Thank God it’s Friday

Posted on January 9, 2015

The hidden Champions of Entertainment

Dear Readers, 2015 will probably be the year of Apple’s forthcoming wristwatch. However, today I would like to make a plea for my vintage 45 euros iPod shuffle as the best device Apple has ever built.

A couple on the beach, listening to an ancient grammophone, by Timeline Images / Timeline Classics
Photo: Timeline Images / Timeline Classics

My life changed entirely a few weeks ago when I rediscovered my long forgotten iPod Shuffle. Like most people, I enjoy listening to music whilst training at the gym. But, I was not entirely happy: Maneuvering the iPhone and headphones between weightlifting and the treadmill wasn’t seamless; searching the library for some good music while exercising; adjusting the volume if somebody talks to you; getting distracted with posts and tweets and incoming calls (no, I don’t use the flight mode). Listening to my beloved Hans Zimmer soundtracks (That organ in “Interstellar”!) or the podcasts from “Bayern 2”, a Munich radio station known for its superb coverage about arts & culture, was becoming painfully stressful.

Until this wonderful tiny iPod machine came back to my life. No internet connection! Just a few buttons! And the best: I can conveniently attach the iPod Shuffle to my T-Shirt with a clip!

Now I’m sharing my iPod story with you, since podcasts are the hidden champions of entertainment. Entertainment Weekly wrote in October last year: “Podcasts – yes, podcasts! – are the freshest and most addictive form of storytelling today.” In a recent feature, The New York Times covered the US podcast phenomenon “Serial”: “Podcasting used to be a novel way of distributing audio programming over the Internet, but it is up 25 percent year-over-year and almost 40 million people listen to some form of podcast. It gained traction with the introduction of the iPod, hence the name. “Serial” is arguably the medium’s first breakout hit.” And: “Podcasts have moved beyond being nerd centric (…) it has become one more push-button technology, allowing consumers to download an app and listen to audio programming at a time of their choosing.”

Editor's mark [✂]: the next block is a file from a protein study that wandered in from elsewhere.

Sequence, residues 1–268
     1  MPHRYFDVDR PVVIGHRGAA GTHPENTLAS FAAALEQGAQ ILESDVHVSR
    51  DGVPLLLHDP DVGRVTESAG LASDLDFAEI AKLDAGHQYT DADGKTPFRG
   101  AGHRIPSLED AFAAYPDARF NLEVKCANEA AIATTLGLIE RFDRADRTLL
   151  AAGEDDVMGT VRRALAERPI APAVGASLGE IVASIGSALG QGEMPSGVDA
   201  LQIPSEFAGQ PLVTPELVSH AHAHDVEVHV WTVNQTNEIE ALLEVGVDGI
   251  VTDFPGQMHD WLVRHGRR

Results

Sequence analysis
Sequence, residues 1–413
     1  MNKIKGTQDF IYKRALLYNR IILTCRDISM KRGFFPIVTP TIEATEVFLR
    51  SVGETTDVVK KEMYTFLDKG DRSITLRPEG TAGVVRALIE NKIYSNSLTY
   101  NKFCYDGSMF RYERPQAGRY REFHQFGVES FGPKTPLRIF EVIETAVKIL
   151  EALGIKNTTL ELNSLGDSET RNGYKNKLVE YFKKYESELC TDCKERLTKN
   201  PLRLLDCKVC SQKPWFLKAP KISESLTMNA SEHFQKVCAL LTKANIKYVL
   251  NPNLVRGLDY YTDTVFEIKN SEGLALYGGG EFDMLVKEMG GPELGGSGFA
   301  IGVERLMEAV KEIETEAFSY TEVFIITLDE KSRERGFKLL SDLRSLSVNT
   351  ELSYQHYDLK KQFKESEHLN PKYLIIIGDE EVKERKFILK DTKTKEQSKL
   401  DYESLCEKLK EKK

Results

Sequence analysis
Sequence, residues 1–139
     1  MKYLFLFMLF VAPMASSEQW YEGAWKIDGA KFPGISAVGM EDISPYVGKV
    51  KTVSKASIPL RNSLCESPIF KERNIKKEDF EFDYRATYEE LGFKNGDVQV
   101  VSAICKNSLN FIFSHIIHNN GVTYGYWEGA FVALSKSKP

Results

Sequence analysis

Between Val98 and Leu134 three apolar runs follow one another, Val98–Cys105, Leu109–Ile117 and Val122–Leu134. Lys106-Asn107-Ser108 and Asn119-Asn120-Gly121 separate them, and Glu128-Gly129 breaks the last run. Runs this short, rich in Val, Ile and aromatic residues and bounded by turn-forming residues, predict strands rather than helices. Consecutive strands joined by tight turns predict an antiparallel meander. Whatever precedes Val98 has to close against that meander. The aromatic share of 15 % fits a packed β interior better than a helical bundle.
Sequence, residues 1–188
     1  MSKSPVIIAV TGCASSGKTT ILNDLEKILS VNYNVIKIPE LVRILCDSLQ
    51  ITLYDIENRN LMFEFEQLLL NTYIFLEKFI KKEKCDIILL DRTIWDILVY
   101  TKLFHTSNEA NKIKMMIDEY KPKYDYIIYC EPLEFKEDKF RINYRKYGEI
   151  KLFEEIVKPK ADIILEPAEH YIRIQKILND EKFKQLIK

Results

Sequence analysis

Actually, I go to the gym now because of podcasts, not anymore because of fitness! Here’s is my podcast list for the gym visits in January:

  1. A Museum for Your iPod: The world’s finest cultural journalism is on “Radio BBC 4” on iTunes. My favorite podcast series are the British Museum’s “A History of the World in 100 Objects” (I saw the wonderful touring exhibition last summer in Abu Dhabi) and “Germany: Memories of a Nation” (a recent exhibition). Director Neil MacGregor takes you in the episodes on a tour of knowledge and wonders. The British Museum and the British Broadcasting Corporation have set standards with this original blend of a museum and a radio show.
    (Twitter: & )
  2. Cinema for Your Ears: “Hardcore History” by Dan Carlin. I will not write much here. You need to check it by yourselves on iTunes. Dan Carlin is the Cecil B. DeMille of podcasts.
    (Twitter: )
  3. The Who is Who of Hollywood: is gathering in “Q & A with Jeff Goldsmith”. Subscribe to this unique, charming talk show. Not only for cineastes. A “must hear” is the 20 December episode with “Guardians of the Galaxy” director James Gunn. I discovered this podcast series when recommended it on Twitter.
    (Twitter: )

I am proud to say that in our Tutankhamun exhibitions, we deliver a podcast-like storytelling experience – the voices of three actors guide our visitor through the exhibition (included in the admission fee).

Paid audio tours in museums and exhibitions are definitely out, dear colleagues, and on that note, we are happy to tell you that our upcoming Munich exhibition (from 3rdApril at the Olympic Park) will include a free podcast. Upon leaving the exhibition you’ll be able to download an exclusive story about the Golden Boy for your way home.

Entertainment Weekly declared in its January 9th issue “The Golden Age of Podcasts”. Certainly, you can listen to a podcast on your PC or your smartphone or tablet, but that’s not comparable to the authentic iPod experience. Period. Entertainment Weekly’s Ray Rahmann even recommended to keep the iPod classic – the vintage device now sells for $ 1,200. I will never sell my iPod shuffle, not for all the money in the world.

With my best wishes for the New Year:

Yours, Christoph Scholz
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Advertisement for the Podcast of Neil MacGregor: A History of the World in 100 Objects
Listening to my favorite podcast series


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